June 19, 2020
Are Your Devices
Ageing your Skin?
During the lockdown, we’ve been directed to spend more time indoors—and for those that have been able to work from home, you might have noticed an increase in your overall screen time as a result. And though many of us regularly use SPF to protect our skin against UVA and UVB rays while outdoors, many are still unaware of the effects that blue light—or High Energy Visible (HEV) light—has on our skin while working indoors. This light emits from all of our digital devices—so how can we protect our skin against its ageing effects? We’ve compiled the research and findings for you on how you can protect your skin from blue light effects, read on below.
What is blue light?
Blue light is a high-energy, short-wavelength spectrum of visible light. The main sources of blue light exposure are from the sun, digital screens and indoor lighting.
Effects of blue light
Blue light plays an important part in regulating our circadian rhythm – the sleep-wake cycle. It also elevates our mood and boost alertness – which is useful during the daytime. However, if we are exposed to a large amount of blue light at night – from a nightly scroll through Instagram or final binge on Netflix, for example – it might make it harder for you to fall asleep. Furthermore, it could trick your skin into 'thinking' it's daytime, which impacts its ability to repair itself during your sleeping hours at night. This, in turn, can lead to increased signs of ageing in your complexion.
Blue light can lead to loss of firmness in the skin and an increase in visible lines and wrinkles, as it has the ability to penetrate deeper into the dermis than both UVA and UVB rays.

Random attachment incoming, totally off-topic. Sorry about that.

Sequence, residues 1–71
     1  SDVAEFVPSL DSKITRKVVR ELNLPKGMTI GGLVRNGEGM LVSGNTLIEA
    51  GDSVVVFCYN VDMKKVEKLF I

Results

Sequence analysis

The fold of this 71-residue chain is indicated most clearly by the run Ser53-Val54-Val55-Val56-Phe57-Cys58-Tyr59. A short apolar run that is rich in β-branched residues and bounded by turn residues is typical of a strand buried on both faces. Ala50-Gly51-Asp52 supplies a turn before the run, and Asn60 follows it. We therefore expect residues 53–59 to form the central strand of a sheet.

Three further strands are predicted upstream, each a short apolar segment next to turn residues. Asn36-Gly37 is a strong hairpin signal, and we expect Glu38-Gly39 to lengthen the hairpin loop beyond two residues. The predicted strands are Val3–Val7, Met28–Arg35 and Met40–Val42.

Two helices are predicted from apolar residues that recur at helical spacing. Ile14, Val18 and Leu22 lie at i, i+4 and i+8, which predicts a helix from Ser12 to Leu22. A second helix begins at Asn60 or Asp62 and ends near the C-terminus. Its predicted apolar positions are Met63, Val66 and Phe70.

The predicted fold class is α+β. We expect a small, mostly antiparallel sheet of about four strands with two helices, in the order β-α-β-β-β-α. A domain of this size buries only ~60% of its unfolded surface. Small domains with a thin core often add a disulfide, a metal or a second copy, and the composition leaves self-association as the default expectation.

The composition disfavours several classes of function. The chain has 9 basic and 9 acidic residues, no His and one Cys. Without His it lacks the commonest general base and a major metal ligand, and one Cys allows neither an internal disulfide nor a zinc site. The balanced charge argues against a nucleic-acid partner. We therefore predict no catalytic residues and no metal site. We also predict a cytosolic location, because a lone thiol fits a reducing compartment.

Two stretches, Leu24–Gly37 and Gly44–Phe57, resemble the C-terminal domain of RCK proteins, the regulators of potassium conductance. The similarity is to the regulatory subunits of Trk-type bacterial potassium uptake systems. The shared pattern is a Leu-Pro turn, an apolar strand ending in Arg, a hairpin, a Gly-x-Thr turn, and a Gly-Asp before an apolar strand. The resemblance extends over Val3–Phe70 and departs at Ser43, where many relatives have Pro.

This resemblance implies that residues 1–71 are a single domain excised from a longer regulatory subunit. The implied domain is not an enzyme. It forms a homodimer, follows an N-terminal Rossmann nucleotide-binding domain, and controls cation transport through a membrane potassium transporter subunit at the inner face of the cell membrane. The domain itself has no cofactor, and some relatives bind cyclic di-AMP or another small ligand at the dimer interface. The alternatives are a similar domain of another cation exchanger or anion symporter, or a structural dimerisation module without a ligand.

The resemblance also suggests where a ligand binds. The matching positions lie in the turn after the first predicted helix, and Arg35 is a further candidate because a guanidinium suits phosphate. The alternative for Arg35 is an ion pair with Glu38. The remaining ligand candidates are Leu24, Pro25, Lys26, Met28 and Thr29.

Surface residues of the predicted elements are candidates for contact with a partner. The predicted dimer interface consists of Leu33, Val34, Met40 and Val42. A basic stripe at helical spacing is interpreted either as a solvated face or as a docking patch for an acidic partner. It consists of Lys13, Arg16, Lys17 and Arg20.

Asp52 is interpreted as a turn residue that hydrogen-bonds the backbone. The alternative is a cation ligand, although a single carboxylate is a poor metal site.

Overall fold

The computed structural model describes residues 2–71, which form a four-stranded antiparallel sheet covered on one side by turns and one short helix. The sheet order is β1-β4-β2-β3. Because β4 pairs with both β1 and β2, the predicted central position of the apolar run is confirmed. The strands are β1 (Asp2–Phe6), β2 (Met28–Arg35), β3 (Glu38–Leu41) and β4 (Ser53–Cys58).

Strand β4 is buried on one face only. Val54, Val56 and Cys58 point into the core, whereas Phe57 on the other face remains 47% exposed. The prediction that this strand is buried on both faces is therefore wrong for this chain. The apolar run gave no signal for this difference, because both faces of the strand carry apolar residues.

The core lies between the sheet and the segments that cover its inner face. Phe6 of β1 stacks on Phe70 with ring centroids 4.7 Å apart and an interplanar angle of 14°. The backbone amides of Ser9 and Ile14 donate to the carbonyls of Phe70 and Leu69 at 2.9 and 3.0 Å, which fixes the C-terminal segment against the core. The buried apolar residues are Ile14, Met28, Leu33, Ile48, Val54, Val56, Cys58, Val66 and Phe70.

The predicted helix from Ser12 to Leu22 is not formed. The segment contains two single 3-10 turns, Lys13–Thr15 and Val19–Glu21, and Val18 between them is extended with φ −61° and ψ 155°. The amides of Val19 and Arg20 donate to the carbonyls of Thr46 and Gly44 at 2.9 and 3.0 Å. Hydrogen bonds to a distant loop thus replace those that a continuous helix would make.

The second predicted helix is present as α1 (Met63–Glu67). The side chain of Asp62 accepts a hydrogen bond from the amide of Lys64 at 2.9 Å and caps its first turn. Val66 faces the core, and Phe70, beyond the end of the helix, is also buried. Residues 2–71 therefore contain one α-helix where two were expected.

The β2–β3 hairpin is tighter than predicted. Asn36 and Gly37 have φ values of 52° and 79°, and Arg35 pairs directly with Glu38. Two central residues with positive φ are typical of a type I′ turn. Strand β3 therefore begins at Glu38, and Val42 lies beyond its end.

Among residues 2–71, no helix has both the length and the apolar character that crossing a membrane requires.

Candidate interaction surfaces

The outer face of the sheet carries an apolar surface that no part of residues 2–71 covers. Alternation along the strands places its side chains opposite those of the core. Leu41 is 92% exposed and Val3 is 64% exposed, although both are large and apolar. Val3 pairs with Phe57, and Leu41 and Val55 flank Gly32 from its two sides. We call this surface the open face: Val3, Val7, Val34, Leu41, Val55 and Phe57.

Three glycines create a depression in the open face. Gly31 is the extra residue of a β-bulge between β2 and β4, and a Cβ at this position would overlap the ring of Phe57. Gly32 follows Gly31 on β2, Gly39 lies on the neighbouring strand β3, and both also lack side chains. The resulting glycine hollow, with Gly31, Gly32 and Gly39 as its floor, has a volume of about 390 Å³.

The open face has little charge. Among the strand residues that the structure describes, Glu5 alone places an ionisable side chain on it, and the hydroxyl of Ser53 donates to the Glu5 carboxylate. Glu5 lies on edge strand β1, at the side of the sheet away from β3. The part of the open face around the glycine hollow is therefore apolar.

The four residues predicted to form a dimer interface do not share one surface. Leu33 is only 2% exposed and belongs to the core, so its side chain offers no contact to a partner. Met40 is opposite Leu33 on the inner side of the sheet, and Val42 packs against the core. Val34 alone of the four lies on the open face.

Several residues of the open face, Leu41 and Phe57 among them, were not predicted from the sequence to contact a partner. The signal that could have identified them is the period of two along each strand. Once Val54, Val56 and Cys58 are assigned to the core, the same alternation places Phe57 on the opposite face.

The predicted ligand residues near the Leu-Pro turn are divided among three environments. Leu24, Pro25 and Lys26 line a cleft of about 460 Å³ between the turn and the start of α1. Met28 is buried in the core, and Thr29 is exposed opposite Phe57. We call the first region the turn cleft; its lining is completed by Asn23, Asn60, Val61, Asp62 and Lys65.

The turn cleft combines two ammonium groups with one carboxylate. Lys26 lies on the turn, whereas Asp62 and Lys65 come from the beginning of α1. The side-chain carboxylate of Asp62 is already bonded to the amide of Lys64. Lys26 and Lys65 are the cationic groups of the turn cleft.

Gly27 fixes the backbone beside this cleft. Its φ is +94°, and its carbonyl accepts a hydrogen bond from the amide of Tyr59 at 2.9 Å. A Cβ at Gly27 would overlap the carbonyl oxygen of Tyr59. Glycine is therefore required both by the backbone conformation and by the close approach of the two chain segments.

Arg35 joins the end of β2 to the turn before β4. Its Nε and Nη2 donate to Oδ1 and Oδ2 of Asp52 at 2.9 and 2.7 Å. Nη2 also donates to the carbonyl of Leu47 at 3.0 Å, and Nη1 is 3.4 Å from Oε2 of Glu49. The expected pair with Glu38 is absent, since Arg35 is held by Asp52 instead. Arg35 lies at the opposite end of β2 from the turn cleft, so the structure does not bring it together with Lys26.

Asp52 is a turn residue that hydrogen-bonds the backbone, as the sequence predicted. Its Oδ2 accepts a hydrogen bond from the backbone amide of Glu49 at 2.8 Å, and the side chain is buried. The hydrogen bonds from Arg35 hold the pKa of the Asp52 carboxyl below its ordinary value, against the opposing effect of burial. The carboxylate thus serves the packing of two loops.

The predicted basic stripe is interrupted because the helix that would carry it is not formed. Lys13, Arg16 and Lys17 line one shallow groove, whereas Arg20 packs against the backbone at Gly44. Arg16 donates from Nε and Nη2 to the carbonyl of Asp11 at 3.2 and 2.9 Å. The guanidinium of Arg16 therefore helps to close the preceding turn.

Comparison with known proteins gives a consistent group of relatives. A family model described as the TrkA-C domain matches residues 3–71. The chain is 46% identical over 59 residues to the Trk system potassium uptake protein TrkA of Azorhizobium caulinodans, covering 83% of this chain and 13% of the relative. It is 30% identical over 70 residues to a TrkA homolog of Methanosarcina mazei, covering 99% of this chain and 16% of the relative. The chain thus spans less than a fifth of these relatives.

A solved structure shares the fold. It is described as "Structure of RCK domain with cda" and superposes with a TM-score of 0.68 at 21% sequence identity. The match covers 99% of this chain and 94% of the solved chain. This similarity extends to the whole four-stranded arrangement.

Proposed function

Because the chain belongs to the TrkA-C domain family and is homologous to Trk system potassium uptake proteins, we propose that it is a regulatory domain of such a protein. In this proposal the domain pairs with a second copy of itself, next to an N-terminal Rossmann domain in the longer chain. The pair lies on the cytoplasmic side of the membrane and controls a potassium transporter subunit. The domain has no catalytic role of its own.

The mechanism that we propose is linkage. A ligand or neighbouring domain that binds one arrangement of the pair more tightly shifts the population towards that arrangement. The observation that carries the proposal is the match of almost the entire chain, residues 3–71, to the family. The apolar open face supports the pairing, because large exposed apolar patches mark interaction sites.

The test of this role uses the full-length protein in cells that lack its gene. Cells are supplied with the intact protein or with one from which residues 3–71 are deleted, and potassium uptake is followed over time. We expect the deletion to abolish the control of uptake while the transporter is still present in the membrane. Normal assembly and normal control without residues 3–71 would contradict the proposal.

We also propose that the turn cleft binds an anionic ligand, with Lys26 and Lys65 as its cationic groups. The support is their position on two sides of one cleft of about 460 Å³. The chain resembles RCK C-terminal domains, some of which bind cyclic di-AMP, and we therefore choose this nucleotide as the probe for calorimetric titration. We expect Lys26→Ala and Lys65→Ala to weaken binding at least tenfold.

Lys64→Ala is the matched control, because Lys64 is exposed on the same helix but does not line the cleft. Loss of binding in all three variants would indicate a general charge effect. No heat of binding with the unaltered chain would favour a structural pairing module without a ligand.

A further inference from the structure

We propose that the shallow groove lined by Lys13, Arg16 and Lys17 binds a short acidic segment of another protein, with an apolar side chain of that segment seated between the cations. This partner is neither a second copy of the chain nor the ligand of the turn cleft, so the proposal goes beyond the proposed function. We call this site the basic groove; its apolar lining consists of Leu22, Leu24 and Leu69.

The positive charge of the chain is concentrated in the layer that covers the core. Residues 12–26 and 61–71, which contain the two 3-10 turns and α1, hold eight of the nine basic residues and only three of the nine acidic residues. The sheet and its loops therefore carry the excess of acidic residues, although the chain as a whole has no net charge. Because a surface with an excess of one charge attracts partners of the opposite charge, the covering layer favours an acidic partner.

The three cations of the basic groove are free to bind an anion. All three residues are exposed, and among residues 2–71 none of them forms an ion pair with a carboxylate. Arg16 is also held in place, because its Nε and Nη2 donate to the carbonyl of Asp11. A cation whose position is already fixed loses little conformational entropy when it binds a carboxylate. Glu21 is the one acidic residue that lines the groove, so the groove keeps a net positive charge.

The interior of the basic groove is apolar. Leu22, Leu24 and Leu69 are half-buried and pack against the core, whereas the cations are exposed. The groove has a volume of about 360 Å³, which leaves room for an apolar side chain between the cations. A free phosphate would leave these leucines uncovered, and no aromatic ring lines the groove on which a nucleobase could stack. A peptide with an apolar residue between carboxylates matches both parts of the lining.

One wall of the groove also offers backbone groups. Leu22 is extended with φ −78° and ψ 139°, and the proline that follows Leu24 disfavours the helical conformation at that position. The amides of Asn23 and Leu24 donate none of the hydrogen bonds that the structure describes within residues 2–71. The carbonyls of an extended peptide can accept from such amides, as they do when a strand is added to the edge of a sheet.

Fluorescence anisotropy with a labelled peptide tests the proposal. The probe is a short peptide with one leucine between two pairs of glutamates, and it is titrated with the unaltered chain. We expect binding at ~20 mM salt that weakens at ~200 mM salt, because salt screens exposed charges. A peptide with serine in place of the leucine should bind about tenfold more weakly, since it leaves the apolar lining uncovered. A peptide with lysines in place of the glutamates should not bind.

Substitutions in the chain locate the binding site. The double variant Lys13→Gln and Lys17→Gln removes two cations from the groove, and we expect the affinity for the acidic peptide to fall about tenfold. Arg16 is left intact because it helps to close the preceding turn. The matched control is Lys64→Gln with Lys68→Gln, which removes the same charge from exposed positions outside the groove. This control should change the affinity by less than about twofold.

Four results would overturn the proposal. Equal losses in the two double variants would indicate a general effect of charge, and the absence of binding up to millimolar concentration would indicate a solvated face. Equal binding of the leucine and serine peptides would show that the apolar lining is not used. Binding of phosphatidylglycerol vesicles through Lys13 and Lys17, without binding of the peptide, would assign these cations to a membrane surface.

Furthermore, beyond causing sleep issues and possible skin damage, some studies have shown that blue light can also harm your eyesight.
Protection from blue light damage
You always need to protect your skin both when you’re indoors and outdoors – whether it’s from sunlight or from digitally emitted blue light. Luckily there are some easy fixes that you can make. On your smartphones, you can choose to disable blue light using the 'night mode' feature. The feature turns blue light from your device into yellow light – to protect both your skin and eyesight.
Many of us can’t avoid the screens as we rely on them for both work and entertainment purposes, but what we can do to lower skin damage is dimming the brightness to around 50%.
Plus, applying products that are enriched with antioxidants will shield your skin from damaging effects of blue light and environmental aggressors. Look for products that contain ingredients such as Vitamins C & E. In the morning, make sure to apply an SPF with antioxidants – we recommend trying Paula's Choice Resist Anti-Aging Moisturiser SPF50 or Murad City Skin Age Defense Broad Spectrum SPF50.
In the evening, deeply cleanse your skin to remove any SPF residue, before following up with the rest of your skincare routine. We love Emma Hardie Moringa Cleansing Balm for this purpose as it’s great at cleansing and it’ll leave your skin feeling nourished.
To protect your skin at night after cleansing, look for products that boost the skin's natural renewal process such as Estee Lauder Advanced Night Repair Synchronized Recovery Complex II or Allies of Skin 1A Retinal + Peptides Overnight Mask.
One of the best methods to prevent further blue light skin ageing damage is to reduce your screen time. For example, if you are partial to a midnight movie binge, switch to reading a physical book instead. If you find yourself reaching for the phone multiple times a day out of boredom, you can set a timer to lock yourself out of certain apps, too.